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Mark 86 MAR Objective Individual Combat Weapon WIP by ScrewfaceRomeo Mark 86 MAR Objective Individual Combat Weapon WIP by ScrewfaceRomeo
The Mk. 86 OICW is a heavier infantry weapon deployed with human Protectorate troops who expect to see intensive combat, such as Special Forces or SWAT teams (the mainline infantry role is occupied by Mk. 5 Pariah and Mk. 13 Paladin Infantry Drones). Functionally, it is a replacement upper receiver for the smaller Mk. 61, and functions much the same way, with the exception of the bullpup 25mm guided Antimatter missile launcher
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:iconredlightningnod608:
RedLightningNOD608 Featured By Owner Jul 1, 2014  Student General Artist
two barrels are better than one barrel any day
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:iconesoscheletro:
Esoscheletro Featured By Owner Feb 5, 2013
Wow awesome, I love your innovations.
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:iconquesocito:
Quesocito Featured By Owner Oct 6, 2012  Hobbyist Digital Artist
nice drawing!
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:iconbtr90:
BTR90 Featured By Owner Sep 7, 2012  Hobbyist Digital Artist
wow antimatter christ that would be an expensive round since making antimatter as of now takes massive ammounts of energy as is.
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:iconscrewfaceromeo:
ScrewfaceRomeo Featured By Owner Sep 7, 2012  Hobbyist General Artist
But FUTURE!
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:iconbtr90:
BTR90 Featured By Owner Sep 7, 2012  Hobbyist Digital Artist
But Future COST! still it seems like it would be expensive, energy weapons always strick me as expesive thats why I just go with gaus guns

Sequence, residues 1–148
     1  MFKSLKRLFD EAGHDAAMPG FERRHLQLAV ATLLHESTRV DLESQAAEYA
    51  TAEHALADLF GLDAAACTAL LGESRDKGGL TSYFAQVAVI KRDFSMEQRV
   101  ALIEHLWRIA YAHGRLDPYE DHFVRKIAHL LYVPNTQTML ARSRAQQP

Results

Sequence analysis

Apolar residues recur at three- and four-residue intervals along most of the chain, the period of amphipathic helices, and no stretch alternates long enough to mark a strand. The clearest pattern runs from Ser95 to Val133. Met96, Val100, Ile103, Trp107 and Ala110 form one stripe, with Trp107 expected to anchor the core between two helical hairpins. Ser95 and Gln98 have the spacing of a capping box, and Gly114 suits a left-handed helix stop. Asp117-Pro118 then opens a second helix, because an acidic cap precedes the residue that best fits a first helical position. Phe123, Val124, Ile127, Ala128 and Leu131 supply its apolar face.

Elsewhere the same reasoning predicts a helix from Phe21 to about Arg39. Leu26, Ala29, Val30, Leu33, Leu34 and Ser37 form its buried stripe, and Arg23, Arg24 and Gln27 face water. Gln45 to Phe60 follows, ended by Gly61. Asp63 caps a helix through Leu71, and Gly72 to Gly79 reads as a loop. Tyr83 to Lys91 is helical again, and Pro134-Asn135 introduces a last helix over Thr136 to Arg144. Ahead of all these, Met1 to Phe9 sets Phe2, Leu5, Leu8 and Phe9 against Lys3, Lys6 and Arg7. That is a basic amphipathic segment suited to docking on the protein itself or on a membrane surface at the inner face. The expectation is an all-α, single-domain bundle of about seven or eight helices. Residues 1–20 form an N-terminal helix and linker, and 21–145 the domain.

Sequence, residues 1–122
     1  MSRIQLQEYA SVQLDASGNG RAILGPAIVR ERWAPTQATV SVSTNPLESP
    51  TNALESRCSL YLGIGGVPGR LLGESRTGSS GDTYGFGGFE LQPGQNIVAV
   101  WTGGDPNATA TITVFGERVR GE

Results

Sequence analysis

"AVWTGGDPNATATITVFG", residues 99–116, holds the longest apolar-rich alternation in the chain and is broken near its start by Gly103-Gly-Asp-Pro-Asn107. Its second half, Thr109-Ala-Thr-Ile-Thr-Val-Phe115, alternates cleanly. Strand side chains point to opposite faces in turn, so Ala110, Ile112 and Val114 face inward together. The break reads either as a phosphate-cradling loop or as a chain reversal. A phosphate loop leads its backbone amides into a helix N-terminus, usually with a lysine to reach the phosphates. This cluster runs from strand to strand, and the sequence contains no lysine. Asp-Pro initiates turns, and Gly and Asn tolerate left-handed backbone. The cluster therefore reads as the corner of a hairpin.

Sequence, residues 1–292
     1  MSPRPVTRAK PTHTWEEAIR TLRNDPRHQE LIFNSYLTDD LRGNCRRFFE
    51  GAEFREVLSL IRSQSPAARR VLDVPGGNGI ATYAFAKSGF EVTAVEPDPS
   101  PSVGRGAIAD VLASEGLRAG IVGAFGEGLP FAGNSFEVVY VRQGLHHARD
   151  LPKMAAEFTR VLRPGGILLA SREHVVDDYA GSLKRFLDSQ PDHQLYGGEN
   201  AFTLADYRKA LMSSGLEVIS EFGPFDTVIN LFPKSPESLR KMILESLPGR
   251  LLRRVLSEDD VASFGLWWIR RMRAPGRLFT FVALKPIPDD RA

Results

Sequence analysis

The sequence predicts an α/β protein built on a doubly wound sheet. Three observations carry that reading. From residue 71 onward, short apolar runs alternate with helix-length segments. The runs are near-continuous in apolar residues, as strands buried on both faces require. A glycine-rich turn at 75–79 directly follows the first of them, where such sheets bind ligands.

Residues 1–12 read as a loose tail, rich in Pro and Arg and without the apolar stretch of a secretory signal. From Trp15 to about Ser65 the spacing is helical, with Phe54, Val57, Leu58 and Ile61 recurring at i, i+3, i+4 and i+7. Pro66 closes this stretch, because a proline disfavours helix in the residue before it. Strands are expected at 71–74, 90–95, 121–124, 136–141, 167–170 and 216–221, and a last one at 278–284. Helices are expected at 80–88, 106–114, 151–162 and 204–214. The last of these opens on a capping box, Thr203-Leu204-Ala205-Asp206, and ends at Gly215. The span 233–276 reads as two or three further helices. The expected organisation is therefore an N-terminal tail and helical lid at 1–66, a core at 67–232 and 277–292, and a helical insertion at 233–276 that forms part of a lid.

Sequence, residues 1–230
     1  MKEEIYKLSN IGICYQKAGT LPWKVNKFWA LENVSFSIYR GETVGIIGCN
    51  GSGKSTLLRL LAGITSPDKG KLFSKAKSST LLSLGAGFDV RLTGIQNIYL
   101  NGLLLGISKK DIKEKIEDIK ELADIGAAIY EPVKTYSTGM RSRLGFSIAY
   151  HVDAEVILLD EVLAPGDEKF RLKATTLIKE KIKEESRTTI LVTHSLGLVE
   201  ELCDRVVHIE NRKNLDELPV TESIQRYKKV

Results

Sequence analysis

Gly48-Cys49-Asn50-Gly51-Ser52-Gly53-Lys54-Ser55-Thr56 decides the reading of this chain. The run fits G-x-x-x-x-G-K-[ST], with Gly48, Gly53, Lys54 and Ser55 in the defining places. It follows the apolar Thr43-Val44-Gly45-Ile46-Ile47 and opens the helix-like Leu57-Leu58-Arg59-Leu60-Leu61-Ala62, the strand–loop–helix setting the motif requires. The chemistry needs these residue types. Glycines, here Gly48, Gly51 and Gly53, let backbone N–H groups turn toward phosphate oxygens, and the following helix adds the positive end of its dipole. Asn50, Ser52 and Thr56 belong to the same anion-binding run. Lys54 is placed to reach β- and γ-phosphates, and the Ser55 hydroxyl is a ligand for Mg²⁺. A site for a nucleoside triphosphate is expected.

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:iconscrewfaceromeo:
ScrewfaceRomeo Featured By Owner Sep 7, 2012  Hobbyist General Artist
The regular rounds are plain ole steel and tungsten. It's only the guided missiles that use AM.
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:iconbtr90:
BTR90 Featured By Owner Sep 7, 2012  Hobbyist Digital Artist
ah how many shots
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:iconscrewfaceromeo:
ScrewfaceRomeo Featured By Owner Sep 7, 2012  Hobbyist General Artist
30 in the rifle, 6 in the launcher
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:iconbtr90:
BTR90 Featured By Owner Sep 7, 2012  Hobbyist Digital Artist
:icondragonnodplz:
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:icontounushi:
Tounushi Featured By Owner Sep 7, 2012
How much antimatter does the 25mm have per projectile? Bear in mind that 250g of antimatter would unleash an ~11 megaton blast.
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:iconscrewfaceromeo:
ScrewfaceRomeo Featured By Owner Sep 7, 2012  Hobbyist General Artist
Not a lot, the majority of the projectile is fuel and guidance mechanism, because as you said, a little goes a long way.
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:icontounushi:
Tounushi Featured By Owner Sep 7, 2012
So a 25mm fin-stabilized (and guided) gyrojet round with a magnetically bottled dose of antimatter (perhaps a mole of any anti-element)... OP infantry, but I like it.

I'm gonna reserve AM-laden rounds to brigade-level and higher artillery and ship-borne mass drivers, myself. EM-proofing those shells is subject to a constant arms race, and a big enough pulse WILL overload any shielding. A magazine of antimatter shells losing containment (or a field depot with a total of ~10kg of AM) would not be the best thing for military action.
In an electronics-dominated battlefield the threat of enemy EW and EMPs is very real and taken very seriously.